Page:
The New Orleans Saints on Sunday were eliminated from playoff contention this season, with one game remaining in the regular season.
Don't suggest the regular-season finale against Carolina in the Caesars Superdome doesn't still carry high value in it for New Orleans (7-9), which is riding a three-game winning streak, partly accomplishing its stated goal after falling to 4-9 on Dec. 5 in a loss to Tampa Bay.
"You play this game to – I don't want to sound cliché – but you play this game to win," Coach Dennis Allen said Monday. "That's what our job is. That's the chosen profession of all of us that are in the National Football League. We signed up to go and win. And so, I don't ever see that really changing around here. We're going to go into this game and do what we need to do that we feel like gives us the best chance to win."
Allen said that, obviously, there are games to lament. But not so much as to downgrade the importance of being able to compete.
"Nothing's meaningless," he said. "All these things matter. You look back and you say, 'Damn, I wish we'd have taken advantage of a couple of opportunities that we had, that we didn't take advantage of.' But there's nothing that can be done about that now.
"So how do we learn that lesson so that as we progress and go in the future, we don't put ourselves in those situations again. A lot times you can learn a lot from your failures, as much as you can from your successes. Hopefully we look at this and say, we let some opportunities slip through our fingers. No different than a game. You get in a game and you have an opportunity to put a team away and you don't do it, you give them more chances, and then you play the what-if game.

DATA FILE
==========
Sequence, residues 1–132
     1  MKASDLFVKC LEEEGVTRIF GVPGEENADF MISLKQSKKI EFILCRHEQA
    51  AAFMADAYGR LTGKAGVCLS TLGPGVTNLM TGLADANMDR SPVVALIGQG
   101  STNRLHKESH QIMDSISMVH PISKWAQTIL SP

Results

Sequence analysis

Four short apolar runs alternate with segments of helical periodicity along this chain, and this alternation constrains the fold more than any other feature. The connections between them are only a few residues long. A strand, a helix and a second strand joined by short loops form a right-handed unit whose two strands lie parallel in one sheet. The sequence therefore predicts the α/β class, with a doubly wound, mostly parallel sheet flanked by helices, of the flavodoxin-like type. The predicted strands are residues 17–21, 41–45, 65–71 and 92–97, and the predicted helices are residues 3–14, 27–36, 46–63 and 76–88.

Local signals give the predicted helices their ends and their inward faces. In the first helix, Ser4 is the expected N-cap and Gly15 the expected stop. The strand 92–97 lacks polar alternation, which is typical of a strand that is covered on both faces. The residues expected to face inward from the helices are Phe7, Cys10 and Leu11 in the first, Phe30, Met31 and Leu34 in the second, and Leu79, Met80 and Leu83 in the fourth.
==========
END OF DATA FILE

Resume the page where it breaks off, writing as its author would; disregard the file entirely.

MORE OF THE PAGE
"All we can control right now is how we finish out this season. We talked about, after the Tampa game, we said, we don't control our own fate in terms of the playoffs. What we do control is how we play the last four games, and we talked about trying to go 4-0. That's still out there for us. That's where we're sitting at right now."
Allen said a key for New Orleans is a willingness to continue to fight for each other.
"A football team is most successful when they work for and play for each other – whether it be a coach-to-player relationship, coach-to- coach relationship, player-to-player relationship," he said. "We all want to win for each other.
"I take the most pride in going into the locker room after a game and seeing those guys dance around in the locker room, because I know how much they put into it. Hopefully, we all want to win this game. Those are the type of people that need to be in this organization, the ones that want to go out and win regardless of what's at stake."
ON A ROLL: New Orleans' defense has been on a heater of late – five straight games of allowing 18 points or less and seven straight of allowing 20 or less. Opponents are averaging 13.6 points per game in the last five. Removing defensive touchdowns, five of the first seven opponents this season scored at least 26 points.
"There's a process that you go through, and there was a lot of change," Allen said. "I'm in a new role, I've got some assistant coaches that are in a new role, we brought in some new players. We've had a lot of injuries in a lot of different positions and so, it's taken a little bit of time.
"But you have something you believe in, you stick with it and you keep grinding and keep working. I think what we've done here is proven that it can be successful in our league and so our guys have kind of stuck with that and I think we're seeing some of the fruits of that labor now."